The Paranormal Equation, by James D. Stein

Despite not having any kind of background in psychical research, mathematician James D. Stein in his The Paranormal Equation: A New Scientific Perspective on Remote Viewing, Clairvoyance, and Other Inexplicable Phenomena (2013) purports to cast new light on our understanding of a range of psychical phenomena.  Unfortunately, his painful lack of knowledge of the field, and the serious research being carried out in it, tells against him.

An immediate problem is that he uses the terms paranormal and supernatural interchangeably (usually together, as if they are synonyms) when they are completely different: what are considered paranormal phenomena may eventually be brought within a scientific framework, whereas the supernatural will remain outside science.  He also uses the term believer, to be fair a common problem, whereas for psychical researchers it is a question of evaluating evidence, as one would in any branch of science, not of belief.

Another problem is that he lumps together a range of disparate topics – reincarnation, telepathy, precognition, clairvoyance, psychokinesis, out-of-body experiences – as part of the paranormal (or supernatural of course) without delving much into the evidence for any of them.  He makes a division, relying on a point by Paul Kurtz (not the best arbiter if one wants to conduct a dispassionate enquiry) between paranormal phenomena and what he refers to as ‘weird stuff’, such as UFOs, alien abductions, spontaneous combustion and ghosts, among others (left unspecified).  He says he is not going to talk much about life after death, though that seems to be down to personal feeling rather than on any rigorous basis.  What he includes feels arbitrary, as if they simply came to mind when he was jotting down notes.

Assessing those bits he is interested in, he divides reality into three parts: the known; the unknown; and the unknowable.  He claims that, in an infinite Universe, there are rules which are true, but which we cannot deduce and which lie outside the power of science to analyse and explain.  The assumption allows a window for paranormal phenomena: if some aspects of reality are unknowable, why not those aspects we currently consider to fall within the paranormal?  As he puts it, in an infinite Universe, ‘there would be physical theories that we might guess or surmise, but never prove.’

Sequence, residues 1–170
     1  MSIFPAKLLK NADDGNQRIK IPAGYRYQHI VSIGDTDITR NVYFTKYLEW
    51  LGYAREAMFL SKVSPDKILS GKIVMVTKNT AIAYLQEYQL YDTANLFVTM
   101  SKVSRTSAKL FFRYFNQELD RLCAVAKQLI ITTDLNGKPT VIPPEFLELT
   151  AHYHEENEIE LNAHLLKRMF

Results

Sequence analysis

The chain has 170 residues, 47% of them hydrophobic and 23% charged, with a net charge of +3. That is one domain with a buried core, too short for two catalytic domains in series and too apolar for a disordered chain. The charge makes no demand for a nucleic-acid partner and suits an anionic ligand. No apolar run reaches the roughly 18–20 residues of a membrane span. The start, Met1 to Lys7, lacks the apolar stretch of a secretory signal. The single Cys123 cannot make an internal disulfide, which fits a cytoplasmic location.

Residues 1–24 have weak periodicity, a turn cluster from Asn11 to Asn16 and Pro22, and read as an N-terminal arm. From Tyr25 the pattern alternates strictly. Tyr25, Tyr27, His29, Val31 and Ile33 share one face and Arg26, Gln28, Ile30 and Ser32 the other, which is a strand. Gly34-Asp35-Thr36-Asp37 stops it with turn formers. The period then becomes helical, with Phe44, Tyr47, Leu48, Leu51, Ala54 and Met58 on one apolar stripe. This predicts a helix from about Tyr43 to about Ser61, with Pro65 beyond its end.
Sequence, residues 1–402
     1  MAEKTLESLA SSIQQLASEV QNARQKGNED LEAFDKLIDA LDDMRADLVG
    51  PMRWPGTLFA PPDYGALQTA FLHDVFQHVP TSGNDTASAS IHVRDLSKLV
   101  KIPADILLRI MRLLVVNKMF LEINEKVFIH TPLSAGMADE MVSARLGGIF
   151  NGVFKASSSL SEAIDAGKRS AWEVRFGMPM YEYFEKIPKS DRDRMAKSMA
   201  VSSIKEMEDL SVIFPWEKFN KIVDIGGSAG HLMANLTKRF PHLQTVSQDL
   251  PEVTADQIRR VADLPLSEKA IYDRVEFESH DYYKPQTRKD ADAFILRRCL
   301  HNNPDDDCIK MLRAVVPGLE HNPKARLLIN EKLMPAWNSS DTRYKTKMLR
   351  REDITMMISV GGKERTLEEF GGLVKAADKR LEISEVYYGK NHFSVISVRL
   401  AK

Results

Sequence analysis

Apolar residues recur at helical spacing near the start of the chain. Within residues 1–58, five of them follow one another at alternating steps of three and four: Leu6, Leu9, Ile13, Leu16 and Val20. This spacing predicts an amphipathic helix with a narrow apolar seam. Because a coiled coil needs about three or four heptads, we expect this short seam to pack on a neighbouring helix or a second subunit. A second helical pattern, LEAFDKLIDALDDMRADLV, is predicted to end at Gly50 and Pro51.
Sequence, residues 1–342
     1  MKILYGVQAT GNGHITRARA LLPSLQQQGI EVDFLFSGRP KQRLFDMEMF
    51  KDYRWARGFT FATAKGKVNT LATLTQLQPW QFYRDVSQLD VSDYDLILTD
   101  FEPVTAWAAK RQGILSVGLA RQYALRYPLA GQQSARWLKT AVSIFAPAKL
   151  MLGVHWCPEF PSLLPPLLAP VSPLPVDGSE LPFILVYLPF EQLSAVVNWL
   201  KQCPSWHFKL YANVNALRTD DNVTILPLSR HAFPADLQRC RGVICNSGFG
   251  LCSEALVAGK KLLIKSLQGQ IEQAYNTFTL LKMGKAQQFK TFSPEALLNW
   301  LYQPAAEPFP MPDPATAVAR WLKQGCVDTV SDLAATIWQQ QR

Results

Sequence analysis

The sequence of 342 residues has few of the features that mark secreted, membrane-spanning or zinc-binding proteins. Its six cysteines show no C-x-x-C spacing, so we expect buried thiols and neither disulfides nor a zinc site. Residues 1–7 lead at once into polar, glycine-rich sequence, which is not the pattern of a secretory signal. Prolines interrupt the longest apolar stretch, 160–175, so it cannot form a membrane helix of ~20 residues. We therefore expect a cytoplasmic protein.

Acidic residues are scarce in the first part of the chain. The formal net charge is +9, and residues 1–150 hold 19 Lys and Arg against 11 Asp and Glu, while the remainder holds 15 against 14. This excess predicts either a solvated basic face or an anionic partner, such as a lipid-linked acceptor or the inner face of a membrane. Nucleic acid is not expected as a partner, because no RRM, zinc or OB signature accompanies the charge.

However, Stein may consider them ‘inexplicable’, but there are many who have studied the field more extensively and would disagree.  Clearly, by eliding the supernatural (falling outside the scope of science) and the paranormal (which a sizeable literature argues does not), he is able to confer the characteristics of the former on the latter for the purposes of his pseudo-argument.  And of course, as he points out, ‘The supernatural falls into the category of the unknowable.  If we knew it, it wouldn’t be supernatural, would it?’

Stein’s approach feels pessimistic, but it is entirely possible the subject matter covered by psychical research, or at least some part of it, will eventually be explained and brought within a broader framework, whether or not the Universe is infinite.  To do so will require much more practical work, rather than listening to the efforts of armchair theorists, who think they have had a clever idea, telling those within the discipline that science may never be able to explain the phenomena they study.

As an indication of Stein’s superficial study, the bibliography is pathetic, containing five items dated 1980, 1981 (x2) and 2004 (x2).  He has not bothered to study the subject in any depth and few parapsychologists are cited (one of those he manages to misspell, Randall instead of Russell Targ; he also writes medium George Valiantine’s surname as Valentine), though as well as Kurtz there are references to Richard Wiseman, Martin Gardner and James Randi, indicating with which literature he is more familiar.  He is not averse to setting up a straw-man naive view of the paranormal he can then critique as ‘baloney’.  The general science content is accessible and informative for the general reader, but it is wasted here, and the book’s rambling structure, peppered with personal anecdotes, does not help the clarity of his thesis.

Rather than analyse what psychical research has found over the last 140 years, he has attempted to develop a theoretical approach from first principles.  It is nice to see someone from the outside with scientific credentials tackle what is often considered taboo, but the result will not sway either psychical researchers or mainstream scientists, both of whom are likely to consider the implications of an infinite Universe irrelevant to the here and now.  Until we have further evidence to support Stein’s position, if that ever becomes possible, it is better to ignore the inexplicable in his subtitle in favour of unexplained, and carry on as usual.


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